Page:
basketball. The usual interest has been shown this year, and practices began
shortly after the Christmas holidays. Everything seemed to be running along
smoothly and each class was developing splendid teams until the "bugs" inhabited
Parker Hall, thus placing the students under quarantine. However, during the
week of quarantine a very exciting game took place between the "Scarlets" under
Captain Hoyt and the "Fevers" under Captain Monteith. In this way interest
was still kept up and a sufficient number of practices were obtained so that the
games could proceed as formerly planned.
First Team Champs — 1923
Juniors u jfresftmen 6
In the first game the juniors defeated the freshmen by a score of n-6. The score
got to the close point of 7-6 at one time, but Vivian Milliken, right forward on the
junior team, came to the rescue and made two more baskets. In the second game,
the seniors defeated the sophomores by a score of 22-12. Will you ever forget
"Mil" gritting her teeth and flourishing her arms in the air much to her opponent's
discomfort? Never mind, "Mil," you did well!
Seniors 24 Juniors 18
The juniors and seniors, both having the desire to
capture the championship, made this game the most
thrilling of all. The teams were well matched and
both played hard to the finish. The first period
ended with a tie 8-8, but through the remarkable in-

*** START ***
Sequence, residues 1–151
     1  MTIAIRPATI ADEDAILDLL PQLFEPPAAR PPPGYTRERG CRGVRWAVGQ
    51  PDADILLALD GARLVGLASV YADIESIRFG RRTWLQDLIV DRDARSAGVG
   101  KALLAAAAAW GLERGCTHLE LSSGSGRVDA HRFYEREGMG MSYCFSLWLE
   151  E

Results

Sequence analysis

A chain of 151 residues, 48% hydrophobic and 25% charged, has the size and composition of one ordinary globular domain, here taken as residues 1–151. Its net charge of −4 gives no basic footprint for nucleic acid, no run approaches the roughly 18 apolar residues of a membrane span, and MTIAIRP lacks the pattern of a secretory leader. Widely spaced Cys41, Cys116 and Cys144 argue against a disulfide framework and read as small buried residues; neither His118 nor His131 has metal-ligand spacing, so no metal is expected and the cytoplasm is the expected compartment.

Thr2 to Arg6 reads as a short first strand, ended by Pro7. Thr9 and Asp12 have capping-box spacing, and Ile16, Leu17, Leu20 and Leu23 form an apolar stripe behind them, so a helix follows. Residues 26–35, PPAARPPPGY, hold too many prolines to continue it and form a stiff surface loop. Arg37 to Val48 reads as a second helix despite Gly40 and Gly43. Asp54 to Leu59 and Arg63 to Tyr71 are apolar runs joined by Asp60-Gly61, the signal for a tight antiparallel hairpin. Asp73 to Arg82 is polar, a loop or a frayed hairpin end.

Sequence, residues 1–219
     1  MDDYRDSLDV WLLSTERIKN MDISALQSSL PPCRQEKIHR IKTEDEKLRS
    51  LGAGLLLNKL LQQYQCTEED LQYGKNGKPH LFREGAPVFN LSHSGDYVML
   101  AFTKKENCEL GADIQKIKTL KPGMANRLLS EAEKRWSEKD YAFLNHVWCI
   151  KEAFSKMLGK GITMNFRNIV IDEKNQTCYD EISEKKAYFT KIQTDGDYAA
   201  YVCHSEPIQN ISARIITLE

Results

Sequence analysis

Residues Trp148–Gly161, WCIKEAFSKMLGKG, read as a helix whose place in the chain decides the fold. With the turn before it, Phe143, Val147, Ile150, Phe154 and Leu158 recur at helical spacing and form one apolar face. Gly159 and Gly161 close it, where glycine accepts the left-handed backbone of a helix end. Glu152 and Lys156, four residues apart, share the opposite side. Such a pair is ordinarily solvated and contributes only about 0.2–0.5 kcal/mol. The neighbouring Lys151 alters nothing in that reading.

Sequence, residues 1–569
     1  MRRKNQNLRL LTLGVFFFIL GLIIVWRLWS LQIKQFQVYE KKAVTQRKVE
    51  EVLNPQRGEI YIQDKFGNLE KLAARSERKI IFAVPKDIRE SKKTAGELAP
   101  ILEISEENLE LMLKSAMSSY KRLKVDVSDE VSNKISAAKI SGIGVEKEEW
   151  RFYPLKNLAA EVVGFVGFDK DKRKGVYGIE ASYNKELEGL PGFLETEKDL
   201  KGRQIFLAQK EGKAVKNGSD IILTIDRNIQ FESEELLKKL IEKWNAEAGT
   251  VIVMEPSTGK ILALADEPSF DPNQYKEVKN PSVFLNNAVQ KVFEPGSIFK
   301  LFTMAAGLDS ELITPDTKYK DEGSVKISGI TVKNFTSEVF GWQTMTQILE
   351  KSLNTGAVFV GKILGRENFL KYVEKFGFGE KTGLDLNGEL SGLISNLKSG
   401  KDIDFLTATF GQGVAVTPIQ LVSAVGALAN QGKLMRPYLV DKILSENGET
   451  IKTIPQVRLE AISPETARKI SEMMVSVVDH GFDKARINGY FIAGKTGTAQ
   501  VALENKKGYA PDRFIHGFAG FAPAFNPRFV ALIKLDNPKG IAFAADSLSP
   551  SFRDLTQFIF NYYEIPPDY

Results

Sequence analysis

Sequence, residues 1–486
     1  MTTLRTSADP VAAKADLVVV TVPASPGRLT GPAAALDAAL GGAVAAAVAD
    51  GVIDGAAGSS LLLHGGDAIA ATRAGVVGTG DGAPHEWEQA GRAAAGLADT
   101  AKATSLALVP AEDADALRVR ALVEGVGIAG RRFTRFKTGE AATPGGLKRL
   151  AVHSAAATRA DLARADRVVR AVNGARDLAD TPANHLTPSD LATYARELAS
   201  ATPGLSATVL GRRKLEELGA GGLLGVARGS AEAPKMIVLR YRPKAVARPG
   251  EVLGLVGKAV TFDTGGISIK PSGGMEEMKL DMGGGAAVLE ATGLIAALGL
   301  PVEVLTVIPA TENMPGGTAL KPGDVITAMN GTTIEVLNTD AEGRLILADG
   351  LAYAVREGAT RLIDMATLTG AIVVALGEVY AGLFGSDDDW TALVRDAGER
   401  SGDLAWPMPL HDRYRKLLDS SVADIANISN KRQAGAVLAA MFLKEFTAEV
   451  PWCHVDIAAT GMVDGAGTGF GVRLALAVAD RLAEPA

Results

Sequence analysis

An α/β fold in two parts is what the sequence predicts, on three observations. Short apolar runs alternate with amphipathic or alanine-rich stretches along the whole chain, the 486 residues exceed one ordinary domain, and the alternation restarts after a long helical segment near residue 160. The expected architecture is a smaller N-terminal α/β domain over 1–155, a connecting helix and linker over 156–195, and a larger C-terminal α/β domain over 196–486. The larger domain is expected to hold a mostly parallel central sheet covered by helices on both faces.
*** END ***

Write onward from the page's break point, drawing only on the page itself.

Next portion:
dividual playing of "Zip" and the excellent team
work as a whole, the score totaled up for the seniors
Mention must be made of the fine playing done by
the second teams. The junior and sophomore teams
lived up to their class reputation, but were unable to
overcome Alberta's height and Marion's quickness.
The usual reward for faithful practice and training-
was granted in the form of the annual banquet held
in Fiske Dining Hall.
Track deserves mention in that 1923 won the meet last spring. Mabel Plummer,
the captain of the 1923 Track Team for two consecutive years, carried off the honors
in the running and jumping events last spring. Al Laing showed her ability in
winning the standing broad jump. Zip Hoyt, the third member of the 1923 track
team^ also did some fine work in jumping.
The tennis courts attract everyone from amateurs, such as Marge, to experts like
Nellie. Last year 1923 won the singles, renown due to Nellie; but 1924 proved
themselves capable of winning the doubles. No less enthusiasm is demonstrated
by the co-ed side of the campus in this sport than in any other.
During our freshman year soccer was substituted for baseball. This sport called
forth less amusement on the part of the spectators than the former sport had, for
the reason that "fishing" for the ball was forbidden. The fact is that this sport has
been worked out to a scientific degree of efficiency as was shown in the team work
of 1923 when, in their sophomore year, they came through as champions. The
championship last year was tied between 1923 and 1924. Because of the rainy
weather this tie was not played off, and the points were divided between the two
classes. If the bad weather does not descend upon us too quickly, the prospects for
developing four speedy class teams are very good.
THEM'S THE BERRIES
Burning tl)e £@ttintgl)t €>fl
Place — Parker Hall.
Time — n.30 P. M. Silence reigns supreme.
"Who wants to play poker?"
"I ain't got much time, but I'll set in for three or four hours." (Came from a
studious voice on the 3rd floor.)
"Be with you in a second."
234 minutes later. Room 14. Full house barely visible thru the haze of smoke.
"Alright Jack, deal the pasteboards."
"Are Art. Scott's Mud-guards watching out for Prexy?"
"Let Peterson in, there's room for three more."
"John Fogg on the telephone — Lady's voice — Lubec calling — Long distance.